Palabras claves: Riverine litter, Mountain rivers, Litter sources, Citizen science, Schoolchildren
What if the cold days return? Epigenetic mechanisms in plants to cold tolerance
Hereme, R., Galleguillos, C., Morales-Navarro, S., Molina-Montenegro, M.A.
Low temperatures are one of the most critical environmental conditions that negatively affect the growth, development, and geographic distribution of plants. Exposure to low temperatures results in a suit of physiological, biochemical and molecular modifications through the reprogramming of the expression of genes and transcription factors. Scientific evidence shows that the average annual temperature has increased in recent years worldwide, with cold ecosystems (polar and high mountain) being among the most sensitive to these changes. However, scientific evidence also indicates that there would be specific events of low temperatures, due it is highly relevant to know the capacity for adaptation, regulation and epigenetic memory in the face of these events, by plants. Epigenetic regulation has been described to play an important role in the face of environmental stimuli, especially in response to abiotic stress. Several studies on epigenetic mechanisms have focused on responses to stress as drought and/or salinity; however, there is a gap in the current literature considering those related to low temperatures. In this review, we focus on systematizing the information published to date, related to the regulation of epigenetic mechanisms such as DNA methylation, histone modification, and non-coding RNA-dependent silencing mechanisms, in the face of plant´s stress due to low temperatures. Finally, we present a schematic model about the potential responses by plants taking in count their epigenetic memory; considering a global warming scenario and with the presence or absence of extreme specific events of low temperatures.
Environmental Aspects of a Major ARD Source at El Indio Au-Cu-As District, North-Central Chile
Oyarzún, J., Maturana, H., Paulo, A., Lillo, J., Pastén, P., Núñez, J., Duhalde, D., González, C., Portilla, A., & Oyarzún, R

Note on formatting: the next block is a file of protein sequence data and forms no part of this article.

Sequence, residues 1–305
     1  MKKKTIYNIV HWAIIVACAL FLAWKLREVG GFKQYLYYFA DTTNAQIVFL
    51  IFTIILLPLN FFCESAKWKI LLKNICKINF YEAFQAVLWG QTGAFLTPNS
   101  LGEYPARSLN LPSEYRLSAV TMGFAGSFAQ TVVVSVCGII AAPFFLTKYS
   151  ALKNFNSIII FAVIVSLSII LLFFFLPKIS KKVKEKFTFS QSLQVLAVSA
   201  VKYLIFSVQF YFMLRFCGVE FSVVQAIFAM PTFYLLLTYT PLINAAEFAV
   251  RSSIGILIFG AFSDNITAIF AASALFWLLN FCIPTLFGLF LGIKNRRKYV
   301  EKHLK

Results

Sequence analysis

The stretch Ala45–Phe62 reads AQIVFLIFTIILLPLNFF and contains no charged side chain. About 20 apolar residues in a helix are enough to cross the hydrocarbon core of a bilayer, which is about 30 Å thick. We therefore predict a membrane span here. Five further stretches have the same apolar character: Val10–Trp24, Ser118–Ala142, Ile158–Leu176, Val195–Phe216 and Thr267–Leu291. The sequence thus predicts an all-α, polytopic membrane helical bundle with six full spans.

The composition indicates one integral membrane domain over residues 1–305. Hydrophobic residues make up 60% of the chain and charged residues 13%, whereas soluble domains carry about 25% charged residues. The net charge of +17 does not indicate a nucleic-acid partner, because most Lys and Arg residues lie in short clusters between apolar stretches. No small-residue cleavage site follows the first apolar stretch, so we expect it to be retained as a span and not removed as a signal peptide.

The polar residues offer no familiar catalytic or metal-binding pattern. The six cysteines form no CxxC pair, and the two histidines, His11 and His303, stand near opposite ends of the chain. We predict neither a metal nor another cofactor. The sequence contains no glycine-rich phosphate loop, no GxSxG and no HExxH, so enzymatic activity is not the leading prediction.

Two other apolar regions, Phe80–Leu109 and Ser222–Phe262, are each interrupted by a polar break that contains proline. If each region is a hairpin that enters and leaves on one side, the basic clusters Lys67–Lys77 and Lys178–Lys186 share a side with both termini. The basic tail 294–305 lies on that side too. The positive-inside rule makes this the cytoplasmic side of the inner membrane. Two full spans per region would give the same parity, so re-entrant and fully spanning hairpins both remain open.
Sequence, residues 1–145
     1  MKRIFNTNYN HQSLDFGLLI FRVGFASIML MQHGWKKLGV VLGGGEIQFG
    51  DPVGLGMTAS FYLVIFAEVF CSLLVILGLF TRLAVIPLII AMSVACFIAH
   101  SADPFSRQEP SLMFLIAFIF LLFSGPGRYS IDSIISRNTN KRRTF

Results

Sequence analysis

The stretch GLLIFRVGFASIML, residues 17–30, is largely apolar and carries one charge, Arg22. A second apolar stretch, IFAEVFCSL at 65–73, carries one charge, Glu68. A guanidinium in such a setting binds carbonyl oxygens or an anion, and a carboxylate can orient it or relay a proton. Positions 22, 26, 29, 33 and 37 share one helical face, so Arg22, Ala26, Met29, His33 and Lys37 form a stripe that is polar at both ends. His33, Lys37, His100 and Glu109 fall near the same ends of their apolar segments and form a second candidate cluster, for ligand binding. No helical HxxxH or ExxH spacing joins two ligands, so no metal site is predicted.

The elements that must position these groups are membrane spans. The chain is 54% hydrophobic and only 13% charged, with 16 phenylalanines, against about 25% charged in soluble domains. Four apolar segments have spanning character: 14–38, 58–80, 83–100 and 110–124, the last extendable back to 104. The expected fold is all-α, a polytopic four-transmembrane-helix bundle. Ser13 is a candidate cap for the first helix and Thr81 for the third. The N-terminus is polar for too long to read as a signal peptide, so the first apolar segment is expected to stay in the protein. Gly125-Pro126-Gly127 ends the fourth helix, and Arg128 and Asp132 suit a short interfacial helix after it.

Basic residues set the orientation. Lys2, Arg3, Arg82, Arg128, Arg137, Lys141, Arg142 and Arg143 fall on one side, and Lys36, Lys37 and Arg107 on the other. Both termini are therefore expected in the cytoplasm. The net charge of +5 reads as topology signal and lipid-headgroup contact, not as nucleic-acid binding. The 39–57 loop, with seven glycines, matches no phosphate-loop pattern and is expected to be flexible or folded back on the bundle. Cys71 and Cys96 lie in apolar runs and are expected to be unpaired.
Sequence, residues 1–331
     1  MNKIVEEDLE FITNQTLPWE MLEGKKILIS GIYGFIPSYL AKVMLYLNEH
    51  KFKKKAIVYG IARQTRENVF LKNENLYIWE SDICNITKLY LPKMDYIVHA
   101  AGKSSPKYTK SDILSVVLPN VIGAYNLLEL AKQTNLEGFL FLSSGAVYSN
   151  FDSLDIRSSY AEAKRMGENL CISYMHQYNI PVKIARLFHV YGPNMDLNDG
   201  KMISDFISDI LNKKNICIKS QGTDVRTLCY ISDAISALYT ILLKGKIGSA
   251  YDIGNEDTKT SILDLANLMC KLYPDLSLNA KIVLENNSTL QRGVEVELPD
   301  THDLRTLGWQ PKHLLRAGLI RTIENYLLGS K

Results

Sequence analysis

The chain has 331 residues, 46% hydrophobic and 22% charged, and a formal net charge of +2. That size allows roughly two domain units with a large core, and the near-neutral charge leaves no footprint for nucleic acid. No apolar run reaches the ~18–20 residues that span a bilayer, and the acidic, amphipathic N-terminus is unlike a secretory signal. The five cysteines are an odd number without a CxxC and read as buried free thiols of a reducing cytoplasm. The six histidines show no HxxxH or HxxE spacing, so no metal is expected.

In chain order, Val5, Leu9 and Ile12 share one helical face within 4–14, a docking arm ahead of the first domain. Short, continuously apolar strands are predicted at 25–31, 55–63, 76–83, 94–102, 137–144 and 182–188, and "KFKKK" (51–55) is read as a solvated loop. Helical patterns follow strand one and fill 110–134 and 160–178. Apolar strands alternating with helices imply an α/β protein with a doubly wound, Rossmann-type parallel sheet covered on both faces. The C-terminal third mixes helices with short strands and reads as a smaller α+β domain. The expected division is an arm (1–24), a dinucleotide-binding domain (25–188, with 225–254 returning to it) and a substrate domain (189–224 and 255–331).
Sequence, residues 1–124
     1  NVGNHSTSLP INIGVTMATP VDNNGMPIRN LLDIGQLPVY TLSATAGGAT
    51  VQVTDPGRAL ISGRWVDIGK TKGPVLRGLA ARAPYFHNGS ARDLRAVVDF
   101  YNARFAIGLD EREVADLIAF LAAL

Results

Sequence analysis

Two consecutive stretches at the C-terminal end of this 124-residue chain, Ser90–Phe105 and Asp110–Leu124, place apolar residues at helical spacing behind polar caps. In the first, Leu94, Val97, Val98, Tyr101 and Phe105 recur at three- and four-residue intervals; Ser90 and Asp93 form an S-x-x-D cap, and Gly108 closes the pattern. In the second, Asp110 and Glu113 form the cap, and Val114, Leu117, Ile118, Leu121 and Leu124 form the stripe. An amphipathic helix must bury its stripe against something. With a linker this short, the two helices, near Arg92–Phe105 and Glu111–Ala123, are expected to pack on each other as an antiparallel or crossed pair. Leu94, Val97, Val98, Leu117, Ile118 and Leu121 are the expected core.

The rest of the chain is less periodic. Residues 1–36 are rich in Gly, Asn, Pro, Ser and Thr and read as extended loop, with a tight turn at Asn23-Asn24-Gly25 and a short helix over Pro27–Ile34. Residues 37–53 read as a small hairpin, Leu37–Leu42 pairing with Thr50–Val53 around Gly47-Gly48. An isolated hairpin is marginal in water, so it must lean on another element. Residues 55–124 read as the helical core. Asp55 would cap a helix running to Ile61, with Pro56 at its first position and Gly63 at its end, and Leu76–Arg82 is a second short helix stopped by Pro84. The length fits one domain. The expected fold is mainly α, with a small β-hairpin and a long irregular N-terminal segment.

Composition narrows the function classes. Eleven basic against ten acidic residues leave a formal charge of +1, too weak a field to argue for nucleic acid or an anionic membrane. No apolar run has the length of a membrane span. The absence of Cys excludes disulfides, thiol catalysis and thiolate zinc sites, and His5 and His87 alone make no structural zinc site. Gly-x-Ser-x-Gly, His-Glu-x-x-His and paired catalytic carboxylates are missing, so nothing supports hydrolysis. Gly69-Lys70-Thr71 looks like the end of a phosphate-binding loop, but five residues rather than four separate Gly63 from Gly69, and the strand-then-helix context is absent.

El Indio, an Au-Cu-As deposit with outstanding gold grades, was mined in the Andes of the Coquimbo region, Chile, between 1975 and 2002. Sediment and water sampling of the rivers in the 2000 s found exceptional As and metal levels in modern and old sediments. The studies also revealed that acid rock drainage (ARD) has been present in the district for nearly 10,000 years and the effect that the mining of the district had in terms of geochemical anomalies. The convergence of mineralogical, structural, and hydrologic conditions has generated a metal-rich ARD, a process followed by transference of metals to the fine sediments. In this context, the study also deals with the risk of metal and metalloid transfers from the sediments to the river waters as a consequence of eventual physical-chemical changes, due for example, to climatic-driven conditions. Water and sediment samplings were carried out to provide materials for selective extraction tests under acidic, acid-reducing, and acid-oxidizing conditions. The different behavior of metals and metalloids was revealed and highlighted the refractory character of As. Additionally, the study included the characterization of the sediment’s mineralogy, and allowed the detection of new geochemical anomalies of Cu, Zn, Co, and Y in the Incaguaz River, along with high dissolved Li concentrations in the Toro and Turbio rivers.